RedState's Water Cooler - November 4, 2018 - Open Thread - "A Condo Made of Stone-a"

The RedState Department of History has always enjoyed good comedy. Not the nasty stuff we see today, mind you, but good old-fashioned funny stuff.

One of our favorites is Steve Martin, who carved out a great career for himself in film after becoming a breakout standup star in the 1970s and 80s.


Along the way, he ventured into music. In 1978 his recording “King Tut” reached number 17 on the Billboard charts and brought renewed attention to the song’s “boy king”.

As we listened to our oldies station last week and heard the song, we were left to remark on today’s anniversary – the 1922 discovery of King Tut’s tomb by Howard Carter.

Carter was born in London in 1874 and was a relative latecomer to the field of Egyptology. By that time, Egypt was under British occupation and as such, numerous explorers and archaeologists had spent time searching for the treasures of Egypt’s pharaohs.

The one missing, of course, was Tutankhamun. Reigning for nine years  before dying at age eighteen, finding the remains of the “boy king” had long fascinated Egyptologists.

Carter, who was seen as a rising star in the field, was hired by George Edward Stanhope Molyneux Herbert, known more formally as Lord Carnarvon, to find Tut’s tomb. He started looking in Egypt’s famed “Valley of the Kings” in 1914 after being granted a license.

The Valley was known to the Egyptians in hieroglyphs as “The Great and Majestic Necropolis of the Millions of Years of the Pharaoh, Life, Strength, Health in the West of Thebes, ” or simply “The Great Field”. It was thought to be inaccessible to grave robbers, and for nearly 3,000 years, it was.

However, that was about to change. The First World War put a temporary end to Carter’s search, for obvious reasons, but in 1919, he was back on site.


Discovery proved elusive, however, and after three years, Carnarvon was ready to end the expedition. Carter asked for one more year, and after receiving his last chance, received credit for an amazing discovery.

He had done a grid search of the areas in the Valley where nothing had yet been found. Finally, a young water-bearer was digging holes in the sand with a stick when he hit something solid. He told Carter, who arrived with more substantial equipment.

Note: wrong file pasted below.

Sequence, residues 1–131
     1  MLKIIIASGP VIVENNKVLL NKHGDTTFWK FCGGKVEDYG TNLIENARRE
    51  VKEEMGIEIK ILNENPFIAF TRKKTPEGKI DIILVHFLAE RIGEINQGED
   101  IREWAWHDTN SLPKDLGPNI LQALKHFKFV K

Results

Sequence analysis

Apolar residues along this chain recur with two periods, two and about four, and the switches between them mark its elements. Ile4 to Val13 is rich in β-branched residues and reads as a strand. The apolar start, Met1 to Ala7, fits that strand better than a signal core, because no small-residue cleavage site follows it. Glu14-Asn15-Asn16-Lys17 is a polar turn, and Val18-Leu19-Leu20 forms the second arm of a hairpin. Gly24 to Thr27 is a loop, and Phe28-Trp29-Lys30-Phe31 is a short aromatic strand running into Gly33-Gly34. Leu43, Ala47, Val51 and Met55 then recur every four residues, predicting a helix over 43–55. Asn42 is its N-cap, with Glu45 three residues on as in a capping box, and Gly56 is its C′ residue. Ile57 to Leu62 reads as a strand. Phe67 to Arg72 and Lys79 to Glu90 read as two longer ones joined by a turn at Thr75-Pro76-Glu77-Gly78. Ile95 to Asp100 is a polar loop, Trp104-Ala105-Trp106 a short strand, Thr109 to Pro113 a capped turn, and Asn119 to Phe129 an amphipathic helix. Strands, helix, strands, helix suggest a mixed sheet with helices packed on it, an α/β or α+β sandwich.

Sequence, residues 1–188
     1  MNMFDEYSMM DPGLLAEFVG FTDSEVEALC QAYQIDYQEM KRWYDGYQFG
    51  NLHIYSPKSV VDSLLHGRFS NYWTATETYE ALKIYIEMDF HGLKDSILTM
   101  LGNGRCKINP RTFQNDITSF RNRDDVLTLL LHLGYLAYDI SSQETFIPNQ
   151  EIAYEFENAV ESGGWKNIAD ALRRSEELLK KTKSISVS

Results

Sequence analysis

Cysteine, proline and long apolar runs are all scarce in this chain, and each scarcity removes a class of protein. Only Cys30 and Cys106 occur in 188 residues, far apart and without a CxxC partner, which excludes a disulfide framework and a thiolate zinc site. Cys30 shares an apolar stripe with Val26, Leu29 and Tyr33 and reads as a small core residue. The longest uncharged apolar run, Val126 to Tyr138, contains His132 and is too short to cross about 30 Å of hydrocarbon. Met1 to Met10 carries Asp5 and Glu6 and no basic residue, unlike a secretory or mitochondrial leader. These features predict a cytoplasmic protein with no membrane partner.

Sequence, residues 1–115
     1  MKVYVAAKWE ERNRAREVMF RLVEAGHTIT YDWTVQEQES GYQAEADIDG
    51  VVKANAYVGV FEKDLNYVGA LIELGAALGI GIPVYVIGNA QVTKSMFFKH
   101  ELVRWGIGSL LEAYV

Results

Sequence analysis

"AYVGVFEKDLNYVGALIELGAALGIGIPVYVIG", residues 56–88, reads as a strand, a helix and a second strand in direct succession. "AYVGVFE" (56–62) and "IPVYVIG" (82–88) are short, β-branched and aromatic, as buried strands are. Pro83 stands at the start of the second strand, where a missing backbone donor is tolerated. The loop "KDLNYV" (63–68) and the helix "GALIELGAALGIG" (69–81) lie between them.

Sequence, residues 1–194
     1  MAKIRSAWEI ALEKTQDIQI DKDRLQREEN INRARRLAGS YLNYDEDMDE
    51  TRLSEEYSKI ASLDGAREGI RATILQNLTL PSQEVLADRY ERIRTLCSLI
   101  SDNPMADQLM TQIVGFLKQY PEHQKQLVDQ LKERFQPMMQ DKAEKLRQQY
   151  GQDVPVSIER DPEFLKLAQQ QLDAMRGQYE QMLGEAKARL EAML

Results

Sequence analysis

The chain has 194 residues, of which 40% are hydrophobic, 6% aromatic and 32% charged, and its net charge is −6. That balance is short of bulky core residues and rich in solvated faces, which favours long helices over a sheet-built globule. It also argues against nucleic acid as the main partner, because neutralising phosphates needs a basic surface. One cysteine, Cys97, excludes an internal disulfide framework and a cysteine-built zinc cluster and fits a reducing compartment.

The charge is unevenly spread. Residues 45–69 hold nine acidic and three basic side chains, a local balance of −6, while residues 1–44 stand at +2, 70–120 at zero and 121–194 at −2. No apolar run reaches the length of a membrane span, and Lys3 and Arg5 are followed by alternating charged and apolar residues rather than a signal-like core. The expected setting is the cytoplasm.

They found a stairway leading down to a sealed door and a secret chamber. That set off a communication to England, from whence Carnarvon came running.

“At last have made wonderful discovery in Valley; a magnificent tomb with seals intact; re-covered same for your arrival; congratulations.”

On November 26, the two opened the sealed door to reveal an amazing sight, as Carter recalled:

“Details of the room emerged slowly from the mist. . . strange animals, statues and gold—everywhere, the glint of gold.”

They had found the antechamber. After carefully cataloging and removing material, the team opened the door to Tutankhamun’s burial chamber.

In February 1923, that door was opened. Even more incredible finds awaited:

The room was found to be entirely taken up with three nested shrines. Deep inside these lay a series of gold sarcophagi, at the heart of which lay the mummy of King Tut wearing his golden funerary mask. Abutting the burial chamber was another, smaller room, which became known as the Treasury. Containing the most precious of Tutankhamun’s royal possessions, it had successfully eluded grave robbers for an astonishing 3,000 years.


Within months of the discovery, Carnarvon was dead, from a mosquito bite which had become infected. This and other odd occurrences led to what is now called “The Curse of the Pharaoahs.” Contrary to popular belief, no curse was found in Tut’s tomb, but Carnarvon’s death gave rise to a cultural phenomenon.

The find, in a word, made Howard Carter. He lived to age 64 — he had been quite sickly in his youth and eventually succumbed to lymphoma — but not until he had catalogued every item found in the tomb and embarked on a worldwide tour to speak of his find and of Egyptology in general.

Tut himself had been a comparatively unremarkable Pharoah, but the discovery of his tomb set off a worldwide sensation. Thanks to the doggedness of Howard Carter and his team, he is now well known to history, and gave Steve Martin a top-20 single.

Happy Sunday and enjoy today’s open thread!


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